The Strangest Secret — Edition No. 3
Hey there, friend.
I'm back with another edition of UX Things. Before we jump into updates, I’d like to share something special I stumbled upon this week.
Let me just say that this isn't your typical motivational video.
According to some, it was the greatest motivating piece ever compiled. I gotta say that I enjoy motivational movies, podcasts, and audiobooks. But this one really struck me.
It is ‘The Strangest Secret’ by Earl Nightingale - an author and radio talk show host who teaches about motivation, character development, and living a meaningful life.
30 minutes worth spending. You can watch the video here.
❓Question from a reader
“What would be your advice on how to improve your UI design? Wireframing is straightforward to me, but when it comes to UI design, I have a difficult time with the layout, using appropriate colors, and so on. Internet is full of such topics, but what would you recommend?”
It's a good question, and one I struggled with myself as well. Most designers have likely struggled with it.
What helped me the most was to copy others that I admire. During my time at a digital agency, that's what most designers did. Instead of reading newspapers, you would see them scrolling through Muzli, as they’re enjoying their first cup of coffee in the morning.
If you're having trouble coming up with UI ideas, try this. Say you're designing a contact page, and you want something more than just a generic form with a submit button. Open Dribbble and look through contact page designs. Get inspiration and ideas from others.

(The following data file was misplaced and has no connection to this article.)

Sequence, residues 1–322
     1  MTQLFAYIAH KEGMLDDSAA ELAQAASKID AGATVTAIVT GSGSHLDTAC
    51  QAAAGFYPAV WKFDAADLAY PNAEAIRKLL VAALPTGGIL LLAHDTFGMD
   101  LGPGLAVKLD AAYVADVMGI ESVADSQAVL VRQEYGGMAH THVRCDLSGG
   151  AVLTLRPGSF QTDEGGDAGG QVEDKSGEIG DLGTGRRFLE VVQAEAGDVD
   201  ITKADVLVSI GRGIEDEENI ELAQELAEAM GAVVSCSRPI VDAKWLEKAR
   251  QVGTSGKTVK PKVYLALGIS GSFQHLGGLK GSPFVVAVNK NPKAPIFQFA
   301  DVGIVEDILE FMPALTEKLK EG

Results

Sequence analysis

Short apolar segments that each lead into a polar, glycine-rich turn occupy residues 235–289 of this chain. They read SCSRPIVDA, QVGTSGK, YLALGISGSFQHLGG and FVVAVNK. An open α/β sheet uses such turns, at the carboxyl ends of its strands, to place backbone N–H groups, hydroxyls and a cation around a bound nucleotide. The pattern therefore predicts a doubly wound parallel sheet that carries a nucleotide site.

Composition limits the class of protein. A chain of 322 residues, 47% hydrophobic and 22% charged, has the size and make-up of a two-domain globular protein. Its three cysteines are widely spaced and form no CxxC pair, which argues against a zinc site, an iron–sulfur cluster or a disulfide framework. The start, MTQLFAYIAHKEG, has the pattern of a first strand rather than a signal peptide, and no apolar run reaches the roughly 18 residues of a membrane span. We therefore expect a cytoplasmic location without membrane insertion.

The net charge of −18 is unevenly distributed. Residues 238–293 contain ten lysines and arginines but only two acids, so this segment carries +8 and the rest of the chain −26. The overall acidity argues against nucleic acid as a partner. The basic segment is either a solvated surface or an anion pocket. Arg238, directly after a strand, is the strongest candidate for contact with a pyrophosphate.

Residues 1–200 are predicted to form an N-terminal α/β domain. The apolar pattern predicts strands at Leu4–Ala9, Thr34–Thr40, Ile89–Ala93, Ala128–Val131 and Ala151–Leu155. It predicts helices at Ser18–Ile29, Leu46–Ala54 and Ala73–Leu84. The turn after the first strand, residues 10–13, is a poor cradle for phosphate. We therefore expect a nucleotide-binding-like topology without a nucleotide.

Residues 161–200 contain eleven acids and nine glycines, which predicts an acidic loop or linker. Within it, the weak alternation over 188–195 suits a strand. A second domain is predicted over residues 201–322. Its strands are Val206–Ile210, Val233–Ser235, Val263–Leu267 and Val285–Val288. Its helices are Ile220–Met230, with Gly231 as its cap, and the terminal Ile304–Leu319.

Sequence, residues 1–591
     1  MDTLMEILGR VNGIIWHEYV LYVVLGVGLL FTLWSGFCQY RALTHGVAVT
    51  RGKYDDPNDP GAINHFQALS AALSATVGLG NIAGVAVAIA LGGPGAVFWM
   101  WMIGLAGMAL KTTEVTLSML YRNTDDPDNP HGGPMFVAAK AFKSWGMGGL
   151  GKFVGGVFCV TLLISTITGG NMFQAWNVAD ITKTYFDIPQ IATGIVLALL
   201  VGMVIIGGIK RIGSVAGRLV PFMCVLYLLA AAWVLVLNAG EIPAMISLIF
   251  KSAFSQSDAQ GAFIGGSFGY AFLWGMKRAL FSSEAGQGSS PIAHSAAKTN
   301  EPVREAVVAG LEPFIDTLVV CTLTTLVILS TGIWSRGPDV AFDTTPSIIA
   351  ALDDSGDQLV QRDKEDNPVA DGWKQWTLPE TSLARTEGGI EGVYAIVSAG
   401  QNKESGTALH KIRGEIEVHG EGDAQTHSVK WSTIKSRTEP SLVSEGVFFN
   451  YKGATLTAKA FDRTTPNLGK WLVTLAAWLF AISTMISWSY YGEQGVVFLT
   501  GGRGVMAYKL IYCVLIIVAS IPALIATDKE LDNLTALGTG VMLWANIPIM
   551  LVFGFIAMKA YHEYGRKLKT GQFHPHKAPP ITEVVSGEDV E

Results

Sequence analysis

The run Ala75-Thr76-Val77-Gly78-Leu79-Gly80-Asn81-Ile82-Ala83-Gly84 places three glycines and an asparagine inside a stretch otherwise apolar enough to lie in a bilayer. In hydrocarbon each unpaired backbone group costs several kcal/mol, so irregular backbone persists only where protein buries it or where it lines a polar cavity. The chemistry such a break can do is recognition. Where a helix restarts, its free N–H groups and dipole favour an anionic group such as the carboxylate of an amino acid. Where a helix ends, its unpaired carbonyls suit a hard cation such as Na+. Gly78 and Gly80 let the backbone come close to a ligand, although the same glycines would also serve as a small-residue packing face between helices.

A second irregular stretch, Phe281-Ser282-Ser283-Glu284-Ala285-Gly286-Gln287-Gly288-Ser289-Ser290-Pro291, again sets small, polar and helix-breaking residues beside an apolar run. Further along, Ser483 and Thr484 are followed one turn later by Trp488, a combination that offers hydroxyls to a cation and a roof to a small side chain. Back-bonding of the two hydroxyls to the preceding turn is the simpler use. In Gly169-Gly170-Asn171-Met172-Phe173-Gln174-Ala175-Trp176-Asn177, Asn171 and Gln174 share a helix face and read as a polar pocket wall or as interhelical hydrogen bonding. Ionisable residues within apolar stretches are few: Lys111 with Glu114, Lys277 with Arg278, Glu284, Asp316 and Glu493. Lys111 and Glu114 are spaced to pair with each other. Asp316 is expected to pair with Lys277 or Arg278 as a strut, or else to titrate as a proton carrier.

As you scroll through, look for details that you think are done well. Put these details in your own work. You’ll end up combining ideas from different sources, ultimately creating something that has been influenced — but is also unique and you.
If we look at the music, it’s heavily influenced by musicians from the past. Listen to Wild Blue by John Mayer. Hearing Sultans of Swing vibes? You bet.
As you'd trust your ears when you're playing music, trust your eyes when designing. Don't doubt your choices. You think there's too much space, but not sure? Get rid of it. Text deservers just a little bit more line height? Give it height. Typography suffocating? Give it room to breath.
Obviously, this feel for a good UI gets better with time and experience, but it's important to trust your judgement from the get-go.
Get inspiration from others, but do you.
🎨 Designs I’ve shared
Years ago, I used Illustrator to design UIs. Photoshop was the go-to tool for UI designs back then, believe it or not. Are you old enough to remember the PSD-to-HTML era? It’s a nostalgic, but painful era.
Although Illustrator wasn't as popular, it was pretty good for UI design. As opposed to Photoshop, where you're limited to one artboard, Illustrator lets you have hundreds of them. Therefore, it's easy to create variations, try out different designs, but also quite easy to design more advanced UI flows.
There is one thing Illustrator still rules in UI design, and that's icons. I have started designing an icon set, for a side project I’m working on. More on it later, but for now, here's a sneak peek.
✍️ Articles I wrote last week
“It’s no secret I’m a productivity app junkie. And there’s no shortage of great ones for both macOS and Windows.”
Read the full article here.
Thanks for reading. I'm leaving you with a quote from the video at the top of this email.
“We become what we think about most of the time, and that’s the strangest secret.” — Earl Nightingale
You have a question, feedback, or design you'd like to share? Reply to this email and send it over. I'll see you next week 👋
Have a great day ahead.